The Regenesys battery is a polysulfide-bromine flow battery and is also sometimes called a regenerative fuel cell. The system was developed during the early 1990s. While often seen as a redox-like system, Regenesys is not truly a redox system since both the positive and negative reactions involve neutral species (EPRI, 2002). The discharge reaction at the positive electrode is:
NaBr3 + 2Na+ + 2e -> 3NaBr
and that at the negative is:
2Na2S2 -> Na2S4 + 2Na+ + 2e
The characteristics expected for a 100 MWh/10MW Regenesys energy storage facility are identified by the developer of the technology. For instance, the expected space requirements are 1 hectare (2.5 acres) or less which corresponds to a footprint of slightly less than 1 kWh/square foot. This is not very different from the total site area for a single story plant based on flooded lead-acid cells (EPRI, 2002).
The round-trip efficiency of such a facility is estimated o be around 60-65 %. Higher discharge rates than the nominal rates of discharge will reduce the efficiency to 50-55%. The lifetime of the plant is expected to be 15 years. A performed Environmental Impact Assessment for the technology indicates that a Regenesys plant will be environmentally benign.
Status of the technology and its future market potential
Clearly, out of the battery technology systems, only the lead acid battery system has reached full commercial maturity and cost certainty. The other technologies are still under development. At King Island, Australia, a prototype VRB facility has been installed which functions as a back-up to the island's wind farm.
How the technology could contribute to socio-economic development and environmental protection
Due to the large variety of battery types, many different functions can be performed. Especially flow batteries, which can be scaled appropriately to the application, have a wide variety of application possibilities. Several of the benefits of these functions are discussed here. In addition, others can be found in the other energy use.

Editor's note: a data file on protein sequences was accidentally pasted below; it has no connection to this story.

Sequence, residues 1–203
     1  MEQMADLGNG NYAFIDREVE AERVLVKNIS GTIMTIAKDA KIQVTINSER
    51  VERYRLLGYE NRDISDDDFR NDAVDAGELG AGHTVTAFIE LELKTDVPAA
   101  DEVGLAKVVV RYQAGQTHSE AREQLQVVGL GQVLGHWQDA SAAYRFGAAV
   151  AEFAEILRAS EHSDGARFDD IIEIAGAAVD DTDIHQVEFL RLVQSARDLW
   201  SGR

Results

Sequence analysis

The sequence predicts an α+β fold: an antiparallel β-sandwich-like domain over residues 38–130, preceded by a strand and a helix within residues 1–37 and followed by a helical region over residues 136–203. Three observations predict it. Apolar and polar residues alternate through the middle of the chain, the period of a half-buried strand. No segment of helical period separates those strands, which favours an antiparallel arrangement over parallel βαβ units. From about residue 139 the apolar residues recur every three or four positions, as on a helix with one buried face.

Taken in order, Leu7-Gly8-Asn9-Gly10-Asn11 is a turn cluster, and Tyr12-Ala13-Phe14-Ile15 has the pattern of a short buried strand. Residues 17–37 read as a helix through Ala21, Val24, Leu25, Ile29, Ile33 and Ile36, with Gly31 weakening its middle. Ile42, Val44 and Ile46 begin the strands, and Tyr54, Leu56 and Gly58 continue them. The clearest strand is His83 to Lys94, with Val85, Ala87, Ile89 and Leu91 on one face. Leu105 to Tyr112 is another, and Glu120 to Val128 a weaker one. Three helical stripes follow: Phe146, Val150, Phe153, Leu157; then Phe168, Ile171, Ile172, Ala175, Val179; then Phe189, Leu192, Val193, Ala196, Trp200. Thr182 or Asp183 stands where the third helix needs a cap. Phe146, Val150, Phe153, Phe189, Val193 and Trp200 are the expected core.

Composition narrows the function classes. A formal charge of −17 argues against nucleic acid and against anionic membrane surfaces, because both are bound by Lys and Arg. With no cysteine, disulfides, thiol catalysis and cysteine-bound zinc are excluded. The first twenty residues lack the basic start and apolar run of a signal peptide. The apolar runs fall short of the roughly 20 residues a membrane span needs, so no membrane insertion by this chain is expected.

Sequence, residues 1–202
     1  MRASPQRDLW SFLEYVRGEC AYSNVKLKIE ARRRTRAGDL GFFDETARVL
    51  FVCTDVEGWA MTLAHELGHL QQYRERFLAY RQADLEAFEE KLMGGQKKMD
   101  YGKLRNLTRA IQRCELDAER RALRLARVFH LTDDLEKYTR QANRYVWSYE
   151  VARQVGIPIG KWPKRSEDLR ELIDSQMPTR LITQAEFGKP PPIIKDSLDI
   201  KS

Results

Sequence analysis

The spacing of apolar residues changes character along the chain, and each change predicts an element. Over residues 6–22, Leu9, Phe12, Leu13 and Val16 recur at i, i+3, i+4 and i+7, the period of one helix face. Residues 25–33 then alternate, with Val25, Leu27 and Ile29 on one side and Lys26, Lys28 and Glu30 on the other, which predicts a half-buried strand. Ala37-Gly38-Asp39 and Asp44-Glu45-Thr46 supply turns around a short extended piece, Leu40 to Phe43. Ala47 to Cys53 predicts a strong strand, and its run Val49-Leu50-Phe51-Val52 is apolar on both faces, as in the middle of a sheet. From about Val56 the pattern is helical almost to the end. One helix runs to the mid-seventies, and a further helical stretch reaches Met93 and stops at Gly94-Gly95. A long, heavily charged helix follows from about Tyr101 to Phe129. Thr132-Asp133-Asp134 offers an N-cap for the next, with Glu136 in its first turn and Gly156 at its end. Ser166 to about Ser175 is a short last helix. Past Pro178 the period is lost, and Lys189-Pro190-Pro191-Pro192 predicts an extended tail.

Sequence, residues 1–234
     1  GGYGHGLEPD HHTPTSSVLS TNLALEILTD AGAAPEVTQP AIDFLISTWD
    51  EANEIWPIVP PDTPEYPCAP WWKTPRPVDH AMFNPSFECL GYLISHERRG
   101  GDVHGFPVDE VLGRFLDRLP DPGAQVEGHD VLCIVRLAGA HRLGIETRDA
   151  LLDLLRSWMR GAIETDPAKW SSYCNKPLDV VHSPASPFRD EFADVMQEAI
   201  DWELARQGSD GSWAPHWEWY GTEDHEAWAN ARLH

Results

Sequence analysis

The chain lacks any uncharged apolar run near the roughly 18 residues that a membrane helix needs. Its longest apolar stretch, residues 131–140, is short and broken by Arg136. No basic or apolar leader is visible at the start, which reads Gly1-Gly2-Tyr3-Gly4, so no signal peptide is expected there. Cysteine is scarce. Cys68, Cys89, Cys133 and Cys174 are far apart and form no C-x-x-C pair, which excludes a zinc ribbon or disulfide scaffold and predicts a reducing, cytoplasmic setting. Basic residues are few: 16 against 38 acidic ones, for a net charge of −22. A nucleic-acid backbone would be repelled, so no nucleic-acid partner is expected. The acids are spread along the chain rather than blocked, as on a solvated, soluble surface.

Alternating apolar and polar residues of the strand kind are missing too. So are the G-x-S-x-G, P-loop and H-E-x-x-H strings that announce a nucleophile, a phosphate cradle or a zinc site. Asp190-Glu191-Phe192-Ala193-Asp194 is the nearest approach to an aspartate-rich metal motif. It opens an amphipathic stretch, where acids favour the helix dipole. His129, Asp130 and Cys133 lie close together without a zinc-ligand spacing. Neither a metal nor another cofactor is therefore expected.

Support the role out and deployment of renewable energy technologies
Battery technology can support the functioning of intermittent renewable energy sources, in this case wind. Especially flow batteries, which can store large quantities of energy are suitable for such large scale applications. The implementation of battery energy storage in wind farms and solar farms reduces the problem of intermittency of the energy source. In other words, the technology can store energy when the demand is low but production is high, and release this energy when production is low but demand is high. This supports the economics of renewable energy technologies. Subsequently, this technology supports environmental protection due to the increased use of renewable energy technologies.
Batteries have the capacity to realize load leveling. Base load plants are more efficiently used when they can generate electricity on a continous basis. Battery technology might provide this option. Currently, at high demand, additional power plants need to be started to cover the additional demand. These power plants are shut down during periods of low demand.
For instance, in the night, demand is lowered to such a point that it is below the base load capacity of the base load power plants. Therefore, several base load power plants need to reduce their production and are therefore less efficiently used. As illustrated in image ... battery technology is capable of allowing base load power plants to continue at full operation even when demand is low, and then supply that electricity when demand is high. This increases the efficient use of these power plants. Subsequently, fewer fossil resources are required and the need to construct additional power plants is reduced.